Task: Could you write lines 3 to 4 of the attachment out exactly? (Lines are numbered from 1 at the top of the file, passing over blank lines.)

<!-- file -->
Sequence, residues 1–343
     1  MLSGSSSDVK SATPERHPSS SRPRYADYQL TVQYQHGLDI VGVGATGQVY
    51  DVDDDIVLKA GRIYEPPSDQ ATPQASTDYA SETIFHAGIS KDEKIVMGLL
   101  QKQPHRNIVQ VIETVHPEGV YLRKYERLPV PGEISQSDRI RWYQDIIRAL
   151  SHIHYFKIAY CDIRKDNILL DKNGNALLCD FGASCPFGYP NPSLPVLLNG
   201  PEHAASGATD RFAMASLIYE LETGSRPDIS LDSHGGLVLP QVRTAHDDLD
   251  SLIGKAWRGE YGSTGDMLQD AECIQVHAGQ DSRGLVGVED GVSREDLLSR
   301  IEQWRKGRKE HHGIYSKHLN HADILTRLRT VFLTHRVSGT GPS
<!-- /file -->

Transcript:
    51  DVDDDIVLKA GRIYEPPSDQ ATPQASTDYA SETIFHAGIS KDEKIVMGLL
   101  QKQPHRNIVQ VIETVHPEGV YLRKYERLPV PGEISQSDRI RWYQDIIRAL